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FDA Commissioner Scott Gottlieb releases statement regarding the safety of medical devices

medical devices (Getty Images)

The release of new medical devices has been embraced by the healthcare industry, but the tools have also introduced a number of risks which have yet to be addressed.

Last year, the FDA approved a record number of novel devices in the US, reflecting an advancing pace of innovation. One such example is the first artificial pancreas and the first blood test to evaluate traumatic brain injury.

Whilst the FDA continues to play a key role in driving innovation and tackling the essential need for regulation, FDA Commissioner Scott Gottlieb has released a statement covering a wide range of areas.

“My colleagues in the FDA’s Center for Devices and Radiological Health (CDRH), led by Dr. Jeffrey Shuren, have been advancing new policies to drive innovation in medical product development by taking novel approaches to regulation, including the use of real world evidence to support iterative improvements in device performance and establishing a balanced framework for digital health devices that improves the lives of patients,” he said.

“Although medical devices provide great benefits to patients, they also present risks. And we are focusing equal attention on advancing new frameworks for identifying risks and protecting consumers.”

By prioritising its approach to medical device safety, the FDA continues to work closely with patients, providers, and device developers to improve new technologies which are entering the market.

The FDA has subsequently released the Medical Device Safety Action Plan: Protecting Patients, Promoting Public Health, explaining how the organisation will further its programmes and processes and new technologies will provide capabilities which bring added assurances of safety.

The action plan will encompass five key areas:

  1. The establishment of a robust medical device patient safety net;
  2. Regulatory options to streamline and modernise timely implementation of post market; mitigations;
  3. Spur innovation towards safer medical devices;
  4. Advance medical device cybersecurity;
  5. Integrate CDRH’s premarket and post market offices and activities to advance the use of a Total Product Life Cycle (TPLC) approach to device safety.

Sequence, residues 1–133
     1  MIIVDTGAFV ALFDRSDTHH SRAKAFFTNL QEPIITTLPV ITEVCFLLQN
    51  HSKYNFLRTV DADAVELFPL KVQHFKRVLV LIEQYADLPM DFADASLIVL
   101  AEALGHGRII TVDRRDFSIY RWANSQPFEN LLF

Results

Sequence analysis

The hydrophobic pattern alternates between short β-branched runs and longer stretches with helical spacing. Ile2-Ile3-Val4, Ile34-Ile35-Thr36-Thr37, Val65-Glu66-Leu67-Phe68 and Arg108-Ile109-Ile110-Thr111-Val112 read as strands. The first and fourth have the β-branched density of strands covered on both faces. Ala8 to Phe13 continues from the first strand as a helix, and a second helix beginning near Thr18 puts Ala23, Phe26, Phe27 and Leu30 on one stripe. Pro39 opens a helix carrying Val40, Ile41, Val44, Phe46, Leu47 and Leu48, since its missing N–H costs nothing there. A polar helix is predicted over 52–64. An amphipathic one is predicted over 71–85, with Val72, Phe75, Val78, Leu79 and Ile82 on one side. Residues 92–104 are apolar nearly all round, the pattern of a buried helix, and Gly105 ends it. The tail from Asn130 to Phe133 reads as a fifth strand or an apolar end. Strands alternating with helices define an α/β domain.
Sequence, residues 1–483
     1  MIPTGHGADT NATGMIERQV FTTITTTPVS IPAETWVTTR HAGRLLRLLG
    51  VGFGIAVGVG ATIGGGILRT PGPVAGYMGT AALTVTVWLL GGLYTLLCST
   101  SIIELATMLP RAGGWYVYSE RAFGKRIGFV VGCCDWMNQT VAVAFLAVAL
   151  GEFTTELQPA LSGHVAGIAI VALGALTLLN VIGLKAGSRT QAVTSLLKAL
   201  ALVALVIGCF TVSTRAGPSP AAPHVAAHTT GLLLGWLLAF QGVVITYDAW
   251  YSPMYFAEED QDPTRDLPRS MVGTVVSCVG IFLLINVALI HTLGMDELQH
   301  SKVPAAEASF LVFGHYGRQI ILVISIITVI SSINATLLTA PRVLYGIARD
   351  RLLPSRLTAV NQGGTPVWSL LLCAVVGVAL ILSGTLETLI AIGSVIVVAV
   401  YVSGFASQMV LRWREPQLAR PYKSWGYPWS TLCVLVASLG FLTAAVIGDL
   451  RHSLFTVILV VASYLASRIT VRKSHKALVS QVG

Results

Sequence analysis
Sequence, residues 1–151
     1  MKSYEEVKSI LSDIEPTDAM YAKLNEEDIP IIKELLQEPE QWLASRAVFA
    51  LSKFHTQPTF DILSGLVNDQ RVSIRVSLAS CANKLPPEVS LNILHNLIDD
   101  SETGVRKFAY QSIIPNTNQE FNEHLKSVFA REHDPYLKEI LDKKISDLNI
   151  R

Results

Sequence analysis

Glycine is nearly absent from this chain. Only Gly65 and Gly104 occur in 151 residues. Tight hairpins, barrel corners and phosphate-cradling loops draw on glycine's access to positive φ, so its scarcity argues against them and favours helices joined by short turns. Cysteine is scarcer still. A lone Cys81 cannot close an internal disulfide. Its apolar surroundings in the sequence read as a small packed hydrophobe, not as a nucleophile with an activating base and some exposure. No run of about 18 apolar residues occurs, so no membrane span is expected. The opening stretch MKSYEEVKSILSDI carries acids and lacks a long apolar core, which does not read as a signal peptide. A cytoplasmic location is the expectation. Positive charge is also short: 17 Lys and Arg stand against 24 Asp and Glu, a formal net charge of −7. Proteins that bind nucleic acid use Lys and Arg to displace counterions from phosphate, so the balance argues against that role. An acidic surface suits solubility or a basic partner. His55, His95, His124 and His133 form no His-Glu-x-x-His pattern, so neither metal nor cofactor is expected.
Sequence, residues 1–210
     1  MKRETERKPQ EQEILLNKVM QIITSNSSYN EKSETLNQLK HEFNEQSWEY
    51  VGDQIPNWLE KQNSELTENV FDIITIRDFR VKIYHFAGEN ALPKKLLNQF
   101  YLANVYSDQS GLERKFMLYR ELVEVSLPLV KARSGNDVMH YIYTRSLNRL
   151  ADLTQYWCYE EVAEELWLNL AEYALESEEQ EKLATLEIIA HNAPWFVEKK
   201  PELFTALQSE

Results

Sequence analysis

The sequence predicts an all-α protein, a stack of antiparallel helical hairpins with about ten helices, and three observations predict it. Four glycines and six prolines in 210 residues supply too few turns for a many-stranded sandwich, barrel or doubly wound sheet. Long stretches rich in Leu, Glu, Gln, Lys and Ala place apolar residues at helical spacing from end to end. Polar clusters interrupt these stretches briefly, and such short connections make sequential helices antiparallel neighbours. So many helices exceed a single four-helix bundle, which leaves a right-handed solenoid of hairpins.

“Our aim is to ensure not only that devices meet the gold standard for getting to market, but also that they continue to meet this standard as we get more data about devices and learn more about their benefit-risk profile in real world clinical settings,” Gottlieb added.

By providing additional training and education, new regulations will be put in place. To spur innovation, the FDA’s Breakthrough Device Programme will address unmet medical needs to facilitate patient access and improve patient safety.

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 “In the coming months, we’ll also look at how we can focus more of our regulatory science activities on safety innovation, with the aim towards developing scientific toolkits to be used premarket, so that developers can better assure that their devices are meeting our standards for safety,” says Gottlieb.

“To help support developers who are pursuing safer devices, we’re exploring ways to permit more streamlined pathways for comparative safety claims as a way to spur competition on improving features related to a device’s safety profile.

We have issued new draft guidance on a voluntary, more modern 510(k) pathway for moderate risk devices to more efficiently demonstrate safety and effectiveness and the opportunity for device makers to demonstrate their products are safer than other technologies on the market.”

Continuing its work with the National Evaluation System for health Technology (NEST), the FDA will facilitate the ongoing detection of potential safety risks, and The Action Plan illustrates how the organisation will support the development of NEST.

Furthermore, as part of the Action Plan, the FDA is establishing the Women’s Health Technologies Strategically Coordinated Registry Network (CRN) to provide more complete evidence in clinical areas which are unique to women.

“Finally, I want to highlight another important issue we’re staying on top of related to device safety:  cybersecurity. Like computers and the networks they operate in, medical devices can be vulnerable to security breaches. Exploitation of device vulnerabilities could threaten the health and safety of patients,” noted Gottlieb.

“We’ve already taken several steps to promote a multi-stakeholder, multi-faceted approach of vigilance, responsiveness, recovery, and resilience that applies throughout the life cycle of relevant devices.

As part of the Action Plan, we’re seeking additional authorities and funding for Congress to consider, which would build on our work to date and further minimise medical device cybersecurity vulnerabilities and exploits.

We also intend to seek the authority and funding to develop a CyberMed Safety (Expert) Analysis Board, a public-private partnership that would complement existing device vulnerability coordination and response mechanisms and serve as a resource for device makers and the agency.

Medical device safety is a key priority for the FDA. We’re committed to protecting American patients by minimising avoidable risks and advancing device technologies that are delivering growing benefits.”

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